Thereafter, its feature set is largely similar to that of the Portal and Portal Mini: 'Storytime' AR mode for children, a built-in web browser, Amazon Prime Video and the choice of two different digital assistants.

Facebook's own digital helper is summoned when you say "Hey Portal" and is used for Portal-specific features like starting a video call with one of your contacts, while Amazon's Alexa is also on hand for web searches and to connect with select other smart home devices – these include the Ring Video Doorbell 2, our current pick for the best video doorbell for most people.

The Portal TV is priced at $149 with pre-orders already being taken, though it won't start shipping until November 5. 

As well as being available in the US and Canada, all three new Portals are going to be coming to the UK, France, Italy, Spain, Australia and New Zealand.

Facebook Portal privacy: Can the social media giant finally be trusted?


(Image credit: Facebook)

Facebook isn't necessarily the most credible firm when it comes to user privacy, so it's understandable you might be concerned about putting a Facebook camera in your living room.

And while the physical lens cover and microphone light found on all three new Portals will help allay fears Facebook might be watching or listening to you when you don't want it to, it gets more complicated when you are actively using a Portal device.

While the company says it hasn't given Portal cameras any facial recognition or biometric powers, it has confirmed some "Hey Portal" voice interactions may be recorded, stored, and manually reviewed by Facebook staff with a view to service optimizations.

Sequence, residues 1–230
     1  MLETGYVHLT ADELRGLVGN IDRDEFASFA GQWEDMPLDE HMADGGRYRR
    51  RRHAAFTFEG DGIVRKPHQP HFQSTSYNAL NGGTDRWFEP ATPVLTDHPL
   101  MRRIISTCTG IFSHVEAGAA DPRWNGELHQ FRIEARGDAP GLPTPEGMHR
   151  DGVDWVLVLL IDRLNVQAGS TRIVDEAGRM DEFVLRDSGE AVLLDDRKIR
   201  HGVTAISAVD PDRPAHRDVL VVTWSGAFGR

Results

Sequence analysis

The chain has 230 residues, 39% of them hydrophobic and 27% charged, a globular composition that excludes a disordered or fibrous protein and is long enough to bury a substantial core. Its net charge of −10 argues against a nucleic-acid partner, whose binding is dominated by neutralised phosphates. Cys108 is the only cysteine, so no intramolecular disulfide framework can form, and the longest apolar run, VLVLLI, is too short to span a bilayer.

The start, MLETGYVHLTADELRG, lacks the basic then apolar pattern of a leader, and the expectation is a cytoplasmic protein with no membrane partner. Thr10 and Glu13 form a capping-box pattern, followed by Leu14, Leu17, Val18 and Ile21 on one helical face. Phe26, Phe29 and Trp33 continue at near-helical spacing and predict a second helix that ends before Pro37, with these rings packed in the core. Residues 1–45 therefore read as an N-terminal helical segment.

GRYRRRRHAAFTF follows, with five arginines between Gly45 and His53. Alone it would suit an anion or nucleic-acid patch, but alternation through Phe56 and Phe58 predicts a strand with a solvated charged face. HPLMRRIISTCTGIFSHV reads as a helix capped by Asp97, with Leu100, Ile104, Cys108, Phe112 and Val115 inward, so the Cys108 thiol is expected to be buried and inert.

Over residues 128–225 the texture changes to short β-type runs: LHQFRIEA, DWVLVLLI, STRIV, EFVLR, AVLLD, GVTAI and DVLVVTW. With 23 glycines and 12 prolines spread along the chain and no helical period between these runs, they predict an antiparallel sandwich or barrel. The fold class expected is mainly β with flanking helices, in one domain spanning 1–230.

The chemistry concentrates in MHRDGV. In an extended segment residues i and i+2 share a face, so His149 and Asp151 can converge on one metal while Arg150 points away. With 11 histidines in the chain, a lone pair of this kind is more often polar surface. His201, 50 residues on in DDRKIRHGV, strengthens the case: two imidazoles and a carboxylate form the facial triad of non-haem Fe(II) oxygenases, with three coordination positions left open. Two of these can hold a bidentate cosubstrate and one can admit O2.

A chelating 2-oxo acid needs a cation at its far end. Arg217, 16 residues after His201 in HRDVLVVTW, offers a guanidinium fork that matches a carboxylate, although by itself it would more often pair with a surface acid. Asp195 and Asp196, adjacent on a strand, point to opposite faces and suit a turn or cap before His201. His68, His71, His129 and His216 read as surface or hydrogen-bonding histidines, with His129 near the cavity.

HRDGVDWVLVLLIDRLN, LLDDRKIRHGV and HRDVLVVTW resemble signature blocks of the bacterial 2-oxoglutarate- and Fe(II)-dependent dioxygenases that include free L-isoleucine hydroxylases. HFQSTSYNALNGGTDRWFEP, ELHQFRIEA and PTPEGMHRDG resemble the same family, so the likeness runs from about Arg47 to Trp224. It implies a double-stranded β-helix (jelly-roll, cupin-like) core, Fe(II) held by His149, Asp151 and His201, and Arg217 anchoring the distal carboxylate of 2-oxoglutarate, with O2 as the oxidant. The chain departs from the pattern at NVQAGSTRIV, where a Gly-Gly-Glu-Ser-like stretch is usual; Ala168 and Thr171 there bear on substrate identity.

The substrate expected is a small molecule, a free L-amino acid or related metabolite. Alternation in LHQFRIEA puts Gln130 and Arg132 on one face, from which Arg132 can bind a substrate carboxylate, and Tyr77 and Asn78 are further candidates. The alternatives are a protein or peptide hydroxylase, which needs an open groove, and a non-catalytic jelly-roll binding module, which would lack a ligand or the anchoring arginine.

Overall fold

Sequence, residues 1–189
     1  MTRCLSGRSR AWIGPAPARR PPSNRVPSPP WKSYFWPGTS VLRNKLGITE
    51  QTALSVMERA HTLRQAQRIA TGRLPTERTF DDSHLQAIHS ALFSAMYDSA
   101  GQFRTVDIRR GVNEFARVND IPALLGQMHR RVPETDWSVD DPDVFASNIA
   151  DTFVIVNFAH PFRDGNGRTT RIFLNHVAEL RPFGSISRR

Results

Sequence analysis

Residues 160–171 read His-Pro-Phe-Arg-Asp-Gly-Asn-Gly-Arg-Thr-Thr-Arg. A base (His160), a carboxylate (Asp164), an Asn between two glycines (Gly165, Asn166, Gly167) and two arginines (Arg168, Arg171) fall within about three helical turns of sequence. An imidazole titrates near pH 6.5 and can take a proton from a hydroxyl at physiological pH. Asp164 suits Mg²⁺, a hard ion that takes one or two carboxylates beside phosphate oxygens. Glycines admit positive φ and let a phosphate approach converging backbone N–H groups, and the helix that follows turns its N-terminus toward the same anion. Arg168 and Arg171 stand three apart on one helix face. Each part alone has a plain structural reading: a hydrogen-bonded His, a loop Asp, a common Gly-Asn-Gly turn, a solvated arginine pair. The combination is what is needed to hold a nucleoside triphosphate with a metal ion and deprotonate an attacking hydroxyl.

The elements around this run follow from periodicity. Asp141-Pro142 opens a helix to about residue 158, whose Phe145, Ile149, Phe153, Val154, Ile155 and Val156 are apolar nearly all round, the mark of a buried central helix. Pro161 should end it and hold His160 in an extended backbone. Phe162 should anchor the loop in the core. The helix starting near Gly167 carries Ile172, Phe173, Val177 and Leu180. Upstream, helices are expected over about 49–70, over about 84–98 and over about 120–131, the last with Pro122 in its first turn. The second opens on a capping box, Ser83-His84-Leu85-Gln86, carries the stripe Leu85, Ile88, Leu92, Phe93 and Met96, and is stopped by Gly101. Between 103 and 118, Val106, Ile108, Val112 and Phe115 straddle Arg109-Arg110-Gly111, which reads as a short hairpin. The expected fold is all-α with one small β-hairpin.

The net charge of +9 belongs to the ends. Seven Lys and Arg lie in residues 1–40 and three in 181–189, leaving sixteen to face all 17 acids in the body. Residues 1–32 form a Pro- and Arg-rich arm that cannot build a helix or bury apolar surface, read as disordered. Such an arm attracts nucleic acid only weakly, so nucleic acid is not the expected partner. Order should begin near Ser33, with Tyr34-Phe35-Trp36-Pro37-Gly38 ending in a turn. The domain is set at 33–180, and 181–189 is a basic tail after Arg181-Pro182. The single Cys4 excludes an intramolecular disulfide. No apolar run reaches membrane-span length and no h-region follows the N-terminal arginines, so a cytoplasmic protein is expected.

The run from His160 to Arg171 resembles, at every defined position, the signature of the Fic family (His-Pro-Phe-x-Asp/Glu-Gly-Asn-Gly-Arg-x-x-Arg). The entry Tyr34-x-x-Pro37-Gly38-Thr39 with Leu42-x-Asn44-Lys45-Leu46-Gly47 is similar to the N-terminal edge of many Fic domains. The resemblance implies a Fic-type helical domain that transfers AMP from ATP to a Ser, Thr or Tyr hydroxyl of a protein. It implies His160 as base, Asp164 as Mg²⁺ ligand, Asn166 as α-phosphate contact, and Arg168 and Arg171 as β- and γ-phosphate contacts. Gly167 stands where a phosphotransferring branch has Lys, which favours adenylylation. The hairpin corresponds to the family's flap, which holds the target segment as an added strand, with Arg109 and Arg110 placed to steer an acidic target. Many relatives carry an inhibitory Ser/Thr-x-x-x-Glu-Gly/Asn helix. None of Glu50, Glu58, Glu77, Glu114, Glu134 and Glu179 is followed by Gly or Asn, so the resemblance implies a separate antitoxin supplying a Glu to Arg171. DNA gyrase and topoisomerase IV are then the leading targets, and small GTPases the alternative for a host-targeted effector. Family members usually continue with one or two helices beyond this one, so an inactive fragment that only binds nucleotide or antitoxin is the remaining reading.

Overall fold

This is the case with many if not most smart speakers and displays, but you can opt-out of it relatively easily in the Settings section of your Portal. You can learn more about how Facebook handles voice recordings here.

Facebook has also acknowledged that it will collect some more general data on how you interact with your Portal, which will inform into the ads you see when using Facebook – so frequent video callers may see more ads related to video calling.

For more information on Portal devices and privacy, check out Facebook's FAQ on the subject.

Alternatively, we can tell you how to remove personal information from the internet, if you want to completely erase your digital footprint.

Facebook Portal vs Portal Mini vs Portal TV

Here's a quick final look at how the key features of the three new Facebook Portal models compare:

(Image credit: Facebook)

Lastly, it's worth noting that Facebook is offering a launch promotion for its new Portal devices, which will save you $50 when you buy two products together.

If you can handle that much Facebook in your life, it sounds like a pretty good deal...

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James Laird

A technology journalist with nearly 10 years of experience, James is the former News and Features Editor at Trusted Reviews, and has also served as regional Editor of Lifehacker. His articles have been spotted on sites ranging from The Sun to InStyle, but his true love is shiny things and the story behind them. An avid golfer in his spare time, you'll also regularly catch him hovering over the BBQ listening to Pearl Jam.